Forcing students to participate makes no sense and ends up having the opposite effect of what’s desired. In this regard, instead of demanding participation, it’s a good idea to take small and subtle actions so that children who don’t usually speak up are gradually encouraged to raise their voices. An interesting technique is to approach them progressively through complicit and smiling glances or affectionate, but not invasive, greetings.
Make playful proposals
Proposing games and playful activities is very useful. The objective is for the shyest or less communicative students to gain confidence and gain ground in the classroom in a relaxed, carefree, and even pleasant way. Playing games where there are no right or wrong answers may be more beneficial at the beginning, as students won’t feel pressure to get it right.
Don’t tolerate teasing among peers
Occasionally, children ridicule each other and laugh at the attitudes, opinions, or responses of others. This shouldn’t be allowed in the classroom under any circumstances. The adult in charge of the classroom should be clear in prohibiting this type of manifestation, while promoting teamwork and fellowship.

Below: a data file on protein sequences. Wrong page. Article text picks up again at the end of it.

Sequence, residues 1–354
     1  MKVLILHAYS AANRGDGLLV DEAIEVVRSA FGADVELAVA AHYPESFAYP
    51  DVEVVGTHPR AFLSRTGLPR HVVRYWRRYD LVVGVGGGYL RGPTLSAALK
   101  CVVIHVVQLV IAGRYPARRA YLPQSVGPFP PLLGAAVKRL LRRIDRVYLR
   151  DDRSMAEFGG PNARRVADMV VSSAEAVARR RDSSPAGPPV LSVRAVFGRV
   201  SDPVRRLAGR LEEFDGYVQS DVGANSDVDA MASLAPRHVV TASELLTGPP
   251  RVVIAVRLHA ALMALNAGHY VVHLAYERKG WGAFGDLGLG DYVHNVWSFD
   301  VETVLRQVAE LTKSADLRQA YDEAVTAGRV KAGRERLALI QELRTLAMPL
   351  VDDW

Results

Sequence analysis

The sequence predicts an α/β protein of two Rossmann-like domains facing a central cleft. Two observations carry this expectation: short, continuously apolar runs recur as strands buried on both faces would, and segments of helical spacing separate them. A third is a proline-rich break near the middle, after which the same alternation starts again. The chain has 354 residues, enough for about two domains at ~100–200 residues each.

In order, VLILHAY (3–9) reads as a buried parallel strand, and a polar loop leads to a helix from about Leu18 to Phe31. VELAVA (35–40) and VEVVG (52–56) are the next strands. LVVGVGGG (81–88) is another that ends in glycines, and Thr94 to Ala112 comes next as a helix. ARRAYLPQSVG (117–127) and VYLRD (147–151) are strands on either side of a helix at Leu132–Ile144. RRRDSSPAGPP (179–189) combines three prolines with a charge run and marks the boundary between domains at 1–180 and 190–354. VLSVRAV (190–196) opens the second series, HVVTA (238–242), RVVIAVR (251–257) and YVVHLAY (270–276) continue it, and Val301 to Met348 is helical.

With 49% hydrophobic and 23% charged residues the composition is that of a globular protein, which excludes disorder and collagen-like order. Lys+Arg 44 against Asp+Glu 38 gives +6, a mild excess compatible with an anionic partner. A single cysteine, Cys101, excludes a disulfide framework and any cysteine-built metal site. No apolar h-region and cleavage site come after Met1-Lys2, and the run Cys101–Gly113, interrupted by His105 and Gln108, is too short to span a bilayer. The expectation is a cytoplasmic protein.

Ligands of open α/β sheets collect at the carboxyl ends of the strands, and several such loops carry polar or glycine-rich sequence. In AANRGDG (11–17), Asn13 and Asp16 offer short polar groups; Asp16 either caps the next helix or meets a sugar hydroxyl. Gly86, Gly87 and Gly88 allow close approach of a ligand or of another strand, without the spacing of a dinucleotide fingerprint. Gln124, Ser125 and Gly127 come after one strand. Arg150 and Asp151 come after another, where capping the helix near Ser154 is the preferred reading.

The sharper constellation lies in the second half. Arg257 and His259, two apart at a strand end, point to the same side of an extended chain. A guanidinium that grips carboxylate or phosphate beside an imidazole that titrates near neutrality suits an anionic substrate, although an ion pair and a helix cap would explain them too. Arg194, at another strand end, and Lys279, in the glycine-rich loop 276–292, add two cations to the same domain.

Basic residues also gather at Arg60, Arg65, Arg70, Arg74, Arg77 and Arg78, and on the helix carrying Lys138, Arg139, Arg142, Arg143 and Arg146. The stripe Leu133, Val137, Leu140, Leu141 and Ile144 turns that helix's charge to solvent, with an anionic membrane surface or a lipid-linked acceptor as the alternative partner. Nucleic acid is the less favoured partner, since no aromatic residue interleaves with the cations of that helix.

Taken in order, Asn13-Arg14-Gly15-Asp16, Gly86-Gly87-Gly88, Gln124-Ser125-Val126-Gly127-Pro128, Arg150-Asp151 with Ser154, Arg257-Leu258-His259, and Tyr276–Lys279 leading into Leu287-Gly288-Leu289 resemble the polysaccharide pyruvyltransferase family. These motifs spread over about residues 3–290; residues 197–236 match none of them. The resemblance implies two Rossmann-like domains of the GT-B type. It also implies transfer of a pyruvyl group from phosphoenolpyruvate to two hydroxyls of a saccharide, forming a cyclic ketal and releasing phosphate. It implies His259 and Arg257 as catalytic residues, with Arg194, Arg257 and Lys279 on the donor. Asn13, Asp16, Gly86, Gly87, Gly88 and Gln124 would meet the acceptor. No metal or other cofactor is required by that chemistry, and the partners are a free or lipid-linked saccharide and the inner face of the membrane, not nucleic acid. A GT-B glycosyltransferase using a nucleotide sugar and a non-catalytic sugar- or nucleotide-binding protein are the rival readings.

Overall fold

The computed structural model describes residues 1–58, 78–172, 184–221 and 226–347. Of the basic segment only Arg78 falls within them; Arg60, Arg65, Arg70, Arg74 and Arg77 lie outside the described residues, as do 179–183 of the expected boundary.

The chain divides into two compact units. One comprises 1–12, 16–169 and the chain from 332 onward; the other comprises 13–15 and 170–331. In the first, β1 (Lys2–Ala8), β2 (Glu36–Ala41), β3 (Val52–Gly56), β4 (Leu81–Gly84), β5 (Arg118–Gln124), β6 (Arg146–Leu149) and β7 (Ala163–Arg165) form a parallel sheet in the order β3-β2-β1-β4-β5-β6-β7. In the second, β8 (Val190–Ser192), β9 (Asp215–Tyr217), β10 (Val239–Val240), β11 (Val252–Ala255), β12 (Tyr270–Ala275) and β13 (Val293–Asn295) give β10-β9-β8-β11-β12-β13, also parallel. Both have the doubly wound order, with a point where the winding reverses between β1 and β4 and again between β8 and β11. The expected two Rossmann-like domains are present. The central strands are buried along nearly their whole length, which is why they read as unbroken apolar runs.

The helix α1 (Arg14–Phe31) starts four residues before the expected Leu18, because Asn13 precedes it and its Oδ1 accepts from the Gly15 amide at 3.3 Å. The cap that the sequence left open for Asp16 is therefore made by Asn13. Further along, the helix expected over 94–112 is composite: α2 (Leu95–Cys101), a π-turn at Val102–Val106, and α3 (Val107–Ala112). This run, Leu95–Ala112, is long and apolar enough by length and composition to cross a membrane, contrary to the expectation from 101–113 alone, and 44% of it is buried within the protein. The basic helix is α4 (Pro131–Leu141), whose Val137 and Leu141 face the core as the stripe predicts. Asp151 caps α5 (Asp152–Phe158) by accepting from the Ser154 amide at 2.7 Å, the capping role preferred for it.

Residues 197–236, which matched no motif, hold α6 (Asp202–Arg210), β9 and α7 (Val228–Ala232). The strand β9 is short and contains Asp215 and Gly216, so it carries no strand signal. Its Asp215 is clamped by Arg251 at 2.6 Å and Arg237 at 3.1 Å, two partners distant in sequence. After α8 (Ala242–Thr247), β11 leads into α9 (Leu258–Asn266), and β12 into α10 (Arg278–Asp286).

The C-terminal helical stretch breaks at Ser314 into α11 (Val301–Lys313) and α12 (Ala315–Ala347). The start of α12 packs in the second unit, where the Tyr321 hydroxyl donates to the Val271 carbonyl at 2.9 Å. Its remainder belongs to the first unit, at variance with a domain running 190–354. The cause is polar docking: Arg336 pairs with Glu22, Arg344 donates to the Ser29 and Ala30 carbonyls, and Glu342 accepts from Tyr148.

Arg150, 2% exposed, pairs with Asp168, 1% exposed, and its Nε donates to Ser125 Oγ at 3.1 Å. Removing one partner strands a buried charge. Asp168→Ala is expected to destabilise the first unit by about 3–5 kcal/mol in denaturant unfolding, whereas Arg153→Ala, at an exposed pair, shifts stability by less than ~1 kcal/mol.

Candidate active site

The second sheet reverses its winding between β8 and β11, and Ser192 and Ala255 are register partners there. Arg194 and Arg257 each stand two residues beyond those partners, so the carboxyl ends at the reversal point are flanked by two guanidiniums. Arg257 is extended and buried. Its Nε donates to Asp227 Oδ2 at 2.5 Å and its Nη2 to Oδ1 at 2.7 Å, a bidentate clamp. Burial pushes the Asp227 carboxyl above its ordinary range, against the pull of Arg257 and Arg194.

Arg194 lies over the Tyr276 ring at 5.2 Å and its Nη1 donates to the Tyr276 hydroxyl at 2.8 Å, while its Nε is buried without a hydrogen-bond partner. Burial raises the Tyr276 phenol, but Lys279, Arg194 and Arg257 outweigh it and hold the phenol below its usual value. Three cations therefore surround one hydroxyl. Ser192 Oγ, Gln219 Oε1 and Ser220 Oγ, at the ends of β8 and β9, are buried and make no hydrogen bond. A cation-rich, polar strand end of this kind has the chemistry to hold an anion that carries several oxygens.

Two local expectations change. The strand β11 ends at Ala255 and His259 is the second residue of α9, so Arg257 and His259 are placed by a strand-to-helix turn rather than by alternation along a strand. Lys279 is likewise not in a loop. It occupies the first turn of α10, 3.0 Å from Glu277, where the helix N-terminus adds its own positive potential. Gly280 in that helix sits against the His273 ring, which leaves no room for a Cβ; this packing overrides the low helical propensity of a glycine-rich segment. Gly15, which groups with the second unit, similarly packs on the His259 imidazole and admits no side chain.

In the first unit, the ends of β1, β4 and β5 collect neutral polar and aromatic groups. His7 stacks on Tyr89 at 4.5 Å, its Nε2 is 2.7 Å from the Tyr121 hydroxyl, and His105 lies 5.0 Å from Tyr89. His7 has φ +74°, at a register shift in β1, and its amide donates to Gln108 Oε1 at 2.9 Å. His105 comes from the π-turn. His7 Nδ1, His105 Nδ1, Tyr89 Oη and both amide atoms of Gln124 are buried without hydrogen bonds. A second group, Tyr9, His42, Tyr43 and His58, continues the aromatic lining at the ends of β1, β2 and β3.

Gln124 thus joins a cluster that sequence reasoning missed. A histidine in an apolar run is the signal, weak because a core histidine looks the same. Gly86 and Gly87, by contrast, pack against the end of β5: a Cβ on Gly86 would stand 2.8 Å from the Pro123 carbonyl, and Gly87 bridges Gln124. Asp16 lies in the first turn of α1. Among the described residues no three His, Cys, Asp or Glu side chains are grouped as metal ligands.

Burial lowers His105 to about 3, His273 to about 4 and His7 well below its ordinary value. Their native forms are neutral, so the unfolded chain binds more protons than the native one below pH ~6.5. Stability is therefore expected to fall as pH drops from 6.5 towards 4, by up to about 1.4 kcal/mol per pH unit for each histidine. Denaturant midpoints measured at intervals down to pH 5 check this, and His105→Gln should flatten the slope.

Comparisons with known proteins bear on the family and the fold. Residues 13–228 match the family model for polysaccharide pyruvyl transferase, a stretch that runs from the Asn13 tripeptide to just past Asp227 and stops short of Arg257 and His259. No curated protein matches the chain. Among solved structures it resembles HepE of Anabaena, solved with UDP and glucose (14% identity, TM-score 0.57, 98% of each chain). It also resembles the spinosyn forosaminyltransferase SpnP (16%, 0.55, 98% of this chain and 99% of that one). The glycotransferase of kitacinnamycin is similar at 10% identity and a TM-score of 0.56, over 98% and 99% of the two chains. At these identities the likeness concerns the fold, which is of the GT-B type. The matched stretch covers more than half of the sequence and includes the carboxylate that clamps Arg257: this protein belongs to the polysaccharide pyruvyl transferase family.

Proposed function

Remember that we’re all individual beings; Therefore, we don’t all need the same thing. Flexibility is one of the qualities that any good teacher should have. Children who find it difficult to participate in class can be offered different alternatives so that they can make their contributions without exposing themselves too much.
For example, the day before, we can anticipate the question we’ll ask them the next day or ask them if they prefer to give their answer orally or write it on the blackboard. The objective is that the student doesn’t experience participation as a moment of anxiety and nervousness, but rather the opposite. Therefore, little by little, they’ll strengthen their self-esteem and will be encouraged to participate more.
In order to encourage students to participate in class, mistakes must be naturalized
Error is a necessary condition for learning. It’s not a bad thing, nor something that should be avoided, but rather a tool. At school, children make mistakes every day, which helps them develop their skills.
In this regard, we believe that teachers should be the first figures to perceive mistakes as learning opportunities. If students feel that making a mistake is valid and that it doesn’t imply any kind of penalty, punishment, or mockery, participation will be much more active and fruitful.It might interest you...
All cited sources were thoroughly reviewed by our team to ensure their quality, reliability, currency, and validity. The bibliography of this article was considered reliable and of academic or scientific accuracy.
- Miguel-Dávila, JA.; López-Berzosa, D.; Martín-Sánchez, M. (2012). ¿Una participación activa del alumno pronostica una buena nota en el examen?. Documentos de trabajo sobre gestión de operaciones. 3(2):71-83. doi:10.4995/wpom.v3i2.1097.
- Terrádez Gurrea, M. (2007). Profe, yo no quiero salir a la pizarra. Sobre tímidos, introvertidos y estilos de aprendizaje. Actas del I Congreso Internacional de Lengua, Literatura y Cultura Española, celebrado en Valencia, en 2007 / coord. por Jorge Martí Contreras, 2007, ISBN 84-611-8316-9, págs. 437-444.